Vancouver Island Market Update

 April 3, 2018 
Sales Down From 2017 But Prices Still Rising Due to Limited Inventory
NANAIMO, BC – Sales of single-family homes, apartments, and townhouses in the VIREB area dipped or remained static in March 2018, likely due to a combination of government policy changes, stricter mortgage qualification rules, and consumer uncertainty surrounding new provincial taxes.
Last month, 399 single-family homes sold on the Multiple Listing Service® (MLS®) System compared to 316 in February and 482 one year ago. The number of apartments changing hands in March decreased by 23 per cent while year-over-year townhouse sales remained static. There were 979 single-family homes for sale in March compared to 812 in February and 1,023 one year ago. The supply of apartments decreased in March, down 12 per cent from one year ago, but townhouse inventory rose by 30 per cent.
The British Columbia Real Estate Association (BCREA) reports that housing sales in most B.C. jurisdictions are down compared to last year. Guideline B-20 and uncertainty surrounding new provincial taxes appear to be taking their toll on sales. 
Broadening the scope of the Foreign Buyer Tax to include the Regional District of Nanaimo (RDN) should not have a significant impact on the VIREB housing market. Only 4.4 per cent of RDN residential real estate transactions in 2017 involved foreign buyers. More troubling is the new speculation tax imposed on the RDN, which targets homeowners who do not pay income tax in B.C.
While the provincial government did introduce exemptions for Parksville, Qualicum Beach, and the Gulf Islands, the speculation tax will still be applied in Nanaimo and Lantzville. Some REALTORS® have reported that out-ofprovince buyers are feeling unwelcome and postponing their home purchases for now. Whether this outcome is short-lived or a longer-term trend is uncertain.
Don McClintock, 2018 VIREB President, believes the speculation tax is a well-meaning attempt to make housing more affordable. However, while uncertainty about the tax is contributing to weaker sales this year, prices continue to rise due to a persistent lack of inventory.     
“Instead of increasing supply, the B.C. government is concentrating on dampening demand,” says McClintock. “We feel that a better solution is to add more inventory, which includes streamlining the approval process for developers.”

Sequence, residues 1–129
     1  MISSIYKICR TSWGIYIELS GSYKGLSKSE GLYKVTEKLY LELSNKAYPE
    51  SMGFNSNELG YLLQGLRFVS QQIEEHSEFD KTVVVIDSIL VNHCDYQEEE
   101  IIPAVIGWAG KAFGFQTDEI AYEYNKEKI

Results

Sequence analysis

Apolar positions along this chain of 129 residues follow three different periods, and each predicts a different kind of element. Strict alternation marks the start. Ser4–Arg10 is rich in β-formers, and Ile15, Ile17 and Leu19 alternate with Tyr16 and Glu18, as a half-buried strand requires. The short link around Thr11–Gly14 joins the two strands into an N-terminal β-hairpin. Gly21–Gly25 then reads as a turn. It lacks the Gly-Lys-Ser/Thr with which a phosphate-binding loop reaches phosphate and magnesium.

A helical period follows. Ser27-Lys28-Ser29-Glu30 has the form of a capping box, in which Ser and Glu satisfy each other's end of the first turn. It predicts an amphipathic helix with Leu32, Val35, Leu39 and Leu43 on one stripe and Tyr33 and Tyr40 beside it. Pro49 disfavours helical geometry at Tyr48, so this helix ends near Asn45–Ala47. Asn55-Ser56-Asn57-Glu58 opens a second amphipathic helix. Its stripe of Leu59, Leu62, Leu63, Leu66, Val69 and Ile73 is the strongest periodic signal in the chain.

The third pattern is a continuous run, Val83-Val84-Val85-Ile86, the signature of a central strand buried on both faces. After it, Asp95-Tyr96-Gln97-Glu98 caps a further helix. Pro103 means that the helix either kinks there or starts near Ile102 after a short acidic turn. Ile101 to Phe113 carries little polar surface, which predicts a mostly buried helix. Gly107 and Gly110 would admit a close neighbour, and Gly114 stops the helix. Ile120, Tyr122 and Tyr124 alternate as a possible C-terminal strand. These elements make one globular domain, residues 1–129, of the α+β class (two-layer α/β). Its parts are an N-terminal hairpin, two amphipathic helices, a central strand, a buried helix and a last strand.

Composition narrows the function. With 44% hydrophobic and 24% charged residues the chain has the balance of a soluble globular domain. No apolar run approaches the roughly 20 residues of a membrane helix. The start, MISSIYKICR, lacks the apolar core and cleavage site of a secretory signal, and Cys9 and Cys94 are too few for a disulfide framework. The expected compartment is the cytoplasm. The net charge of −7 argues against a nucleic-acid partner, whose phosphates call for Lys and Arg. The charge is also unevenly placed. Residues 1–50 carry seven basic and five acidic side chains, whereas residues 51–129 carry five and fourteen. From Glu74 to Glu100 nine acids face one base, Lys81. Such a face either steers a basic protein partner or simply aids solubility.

On a local level, it is still a sellers’ market in the VIREB area. Properties in the $300,000 to $500,000 range are “flying off the shelf,” and multiple offers are still the norm on reasonably priced homes.
“For sellers, properly pricing your home is still an important factor in our area,” says McClintock. “Buyers are savvy, and overpriced homes take longer to sell.”
Connecting with a local REALTOR is especially crucial in a competitive housing market, adds McClintock. 
In March 2018, the benchmark price of a single-family home in the VIREB area reached $490,100, up 19 per cent from one year ago. (Benchmark pricing tracks the value of a typical home in the reported area.) The benchmark price of an apartment last month rose to $297,600, up 25 per cent board-wide from the previous year, while the benchmark price of a townhouse hit $385,600, a 24 per cent increase from March 2017.
Last month, the benchmark price of a single-family home in the Campbell River area climbed to $401,500, an increase of 24 per cent over March 2017. In the Comox Valley, the benchmark price was $475,600, up 17 per cent from last year. Duncan reported a benchmark price of $426,900, an increase of 17 per cent compared to March 2017. Nanaimo’s benchmark price rose 17 per cent to $528,900 while the Parksville-Qualicum area saw its benchmark price increase by 20 per cent to $554,400. The cost of a benchmark home in Port Alberni reached $276,600, up 27 per cent from one year ago. (Information supplied by VIREB)